Speculation is rising that the cash-strapped Greek government is nearing an agreement with officials from the European Union, International Monetary Fund and European Central Bank on then next round of bailout financing.
According to a Greek newspaper, European officials are monitoring Athens’ progress towards budget targets and will decide upon a medium-term fiscal plan for the financially ailing country.
The next scheduled tranche of bailout money – 12-billion euros – is scheduled to be paid out next month. Greece desperately needs that cash to avoid a disastrous default, however there are fears that either the EU/IMF will withhold such funds because Athens is failing to meet minimum standards of fiscal responsibility; or that they will demands that the Greek government impose even more draconian measures to reduce debt.
As such, according to reports, Greece may receive an entirely new round of funds which may comprise a mix of collateralized loans in exchange for unprecedented level of intrusive external supervision on Greece's internal privatization program.
The Greek daily newspaper Kathimerini wrote: Government sources say talks with the [EU/IMF/ECB] representatives will be completed by tomorrow morning at the latest, so that the 2011 measures and the mid-term fiscal plan come before a cabinet meeting for approval on Friday.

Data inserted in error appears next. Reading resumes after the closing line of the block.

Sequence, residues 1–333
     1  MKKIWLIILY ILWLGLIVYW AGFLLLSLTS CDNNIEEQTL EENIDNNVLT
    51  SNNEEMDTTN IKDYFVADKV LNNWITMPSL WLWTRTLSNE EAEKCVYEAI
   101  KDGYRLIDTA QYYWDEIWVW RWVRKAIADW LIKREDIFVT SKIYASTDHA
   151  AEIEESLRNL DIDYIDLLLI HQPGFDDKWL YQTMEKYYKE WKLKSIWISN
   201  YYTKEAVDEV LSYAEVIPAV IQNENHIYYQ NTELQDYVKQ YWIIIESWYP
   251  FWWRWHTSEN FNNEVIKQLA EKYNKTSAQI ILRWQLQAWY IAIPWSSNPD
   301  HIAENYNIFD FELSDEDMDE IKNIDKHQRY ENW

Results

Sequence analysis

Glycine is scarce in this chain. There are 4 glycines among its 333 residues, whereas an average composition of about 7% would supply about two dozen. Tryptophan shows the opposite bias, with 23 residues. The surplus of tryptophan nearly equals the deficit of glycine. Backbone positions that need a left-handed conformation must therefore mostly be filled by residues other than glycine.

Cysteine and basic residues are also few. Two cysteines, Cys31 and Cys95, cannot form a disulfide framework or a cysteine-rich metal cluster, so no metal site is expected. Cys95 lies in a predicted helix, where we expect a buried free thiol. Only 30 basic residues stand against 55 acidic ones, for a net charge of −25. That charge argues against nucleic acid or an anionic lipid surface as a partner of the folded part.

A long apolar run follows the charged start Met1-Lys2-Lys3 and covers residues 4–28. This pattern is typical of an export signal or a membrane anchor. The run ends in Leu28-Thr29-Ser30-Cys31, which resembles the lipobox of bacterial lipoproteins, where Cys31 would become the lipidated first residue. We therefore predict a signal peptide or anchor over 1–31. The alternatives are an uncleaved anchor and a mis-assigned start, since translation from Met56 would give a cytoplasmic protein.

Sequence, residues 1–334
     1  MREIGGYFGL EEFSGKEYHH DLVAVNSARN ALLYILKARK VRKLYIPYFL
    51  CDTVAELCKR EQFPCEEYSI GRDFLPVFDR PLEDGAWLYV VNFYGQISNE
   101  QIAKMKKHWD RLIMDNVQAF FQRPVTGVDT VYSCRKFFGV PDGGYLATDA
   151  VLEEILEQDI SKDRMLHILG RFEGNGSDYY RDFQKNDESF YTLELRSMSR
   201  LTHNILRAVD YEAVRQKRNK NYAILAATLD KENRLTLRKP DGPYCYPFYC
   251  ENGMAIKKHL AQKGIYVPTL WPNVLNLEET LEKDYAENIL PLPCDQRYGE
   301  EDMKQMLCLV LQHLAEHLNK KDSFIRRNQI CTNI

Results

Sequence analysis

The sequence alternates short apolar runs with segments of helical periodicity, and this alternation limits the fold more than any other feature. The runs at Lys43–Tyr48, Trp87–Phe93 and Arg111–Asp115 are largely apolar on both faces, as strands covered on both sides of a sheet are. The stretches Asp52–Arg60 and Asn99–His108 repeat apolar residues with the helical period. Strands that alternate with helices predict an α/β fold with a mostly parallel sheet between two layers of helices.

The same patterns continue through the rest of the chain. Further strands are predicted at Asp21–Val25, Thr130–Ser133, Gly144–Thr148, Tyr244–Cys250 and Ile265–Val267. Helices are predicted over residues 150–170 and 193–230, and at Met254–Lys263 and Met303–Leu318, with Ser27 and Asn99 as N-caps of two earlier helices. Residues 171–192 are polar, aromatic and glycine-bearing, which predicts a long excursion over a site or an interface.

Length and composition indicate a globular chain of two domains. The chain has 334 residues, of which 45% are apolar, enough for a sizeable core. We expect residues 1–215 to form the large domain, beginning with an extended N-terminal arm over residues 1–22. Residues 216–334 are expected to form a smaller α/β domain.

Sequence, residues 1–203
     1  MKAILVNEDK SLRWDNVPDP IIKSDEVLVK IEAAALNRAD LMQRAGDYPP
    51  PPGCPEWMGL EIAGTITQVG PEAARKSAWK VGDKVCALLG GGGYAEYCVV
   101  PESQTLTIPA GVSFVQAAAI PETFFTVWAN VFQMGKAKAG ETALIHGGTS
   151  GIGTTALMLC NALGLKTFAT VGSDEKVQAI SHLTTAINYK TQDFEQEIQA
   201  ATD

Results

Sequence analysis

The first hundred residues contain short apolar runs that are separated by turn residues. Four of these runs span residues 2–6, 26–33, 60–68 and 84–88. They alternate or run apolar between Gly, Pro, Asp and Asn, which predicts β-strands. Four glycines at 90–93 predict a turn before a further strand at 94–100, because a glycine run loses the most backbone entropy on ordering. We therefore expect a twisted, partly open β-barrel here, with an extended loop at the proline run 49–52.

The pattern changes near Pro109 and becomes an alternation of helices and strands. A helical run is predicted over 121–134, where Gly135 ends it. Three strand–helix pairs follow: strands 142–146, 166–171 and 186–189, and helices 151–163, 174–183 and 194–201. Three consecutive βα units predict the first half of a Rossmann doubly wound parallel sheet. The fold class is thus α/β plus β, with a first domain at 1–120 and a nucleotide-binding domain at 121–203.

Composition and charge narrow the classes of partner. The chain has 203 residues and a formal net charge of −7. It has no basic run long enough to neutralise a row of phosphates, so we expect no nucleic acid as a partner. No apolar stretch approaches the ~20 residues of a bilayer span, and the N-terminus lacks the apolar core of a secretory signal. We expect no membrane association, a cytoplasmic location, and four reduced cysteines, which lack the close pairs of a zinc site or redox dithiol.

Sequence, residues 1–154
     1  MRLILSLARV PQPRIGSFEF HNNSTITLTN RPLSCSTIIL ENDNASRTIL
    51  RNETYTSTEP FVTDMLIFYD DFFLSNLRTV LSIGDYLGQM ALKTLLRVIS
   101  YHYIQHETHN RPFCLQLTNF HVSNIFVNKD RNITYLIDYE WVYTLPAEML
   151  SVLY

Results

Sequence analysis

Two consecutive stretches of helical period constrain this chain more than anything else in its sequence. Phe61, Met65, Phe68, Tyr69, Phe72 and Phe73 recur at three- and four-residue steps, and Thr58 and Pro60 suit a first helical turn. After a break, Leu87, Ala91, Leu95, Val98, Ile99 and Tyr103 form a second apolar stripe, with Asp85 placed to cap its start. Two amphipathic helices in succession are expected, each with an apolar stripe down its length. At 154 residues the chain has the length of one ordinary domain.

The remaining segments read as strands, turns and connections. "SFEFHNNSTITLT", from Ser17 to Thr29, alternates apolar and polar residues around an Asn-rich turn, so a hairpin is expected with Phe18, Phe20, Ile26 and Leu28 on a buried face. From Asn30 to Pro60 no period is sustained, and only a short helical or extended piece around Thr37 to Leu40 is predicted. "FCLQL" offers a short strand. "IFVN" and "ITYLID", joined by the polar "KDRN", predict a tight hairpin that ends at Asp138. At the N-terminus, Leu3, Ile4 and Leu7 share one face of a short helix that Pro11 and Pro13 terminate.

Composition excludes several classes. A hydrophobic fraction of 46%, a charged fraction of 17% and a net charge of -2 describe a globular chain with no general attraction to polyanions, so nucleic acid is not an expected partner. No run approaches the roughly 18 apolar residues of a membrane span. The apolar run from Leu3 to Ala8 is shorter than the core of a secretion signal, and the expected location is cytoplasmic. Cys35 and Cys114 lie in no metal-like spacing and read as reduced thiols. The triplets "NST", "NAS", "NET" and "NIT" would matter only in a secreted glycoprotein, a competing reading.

However, Germany's Frankfurter Allgemeine Zeitung newspaper reported that the IMF will not pay its share of the next bailout tranche at the end of June, but will participate in a new funding program for Greece.
Last week, the IMF said it will not approve the next round of financial aid to Greece unless the EU guaranteed Athens' entire funding needs for the next year.
According to other reports, European officials are also meeting in Vienna, Austria to discuss a financial package to rescue Greece – including the possible participation of private entities.
Meanwhile, in Athens itself, the government is under enormous pressure to further cut spending. Deputy Prime Minister Theodoros Pangalos will hold meetings to map out a plan to reduce the public sector and perhaps eliminate various governmental agencies.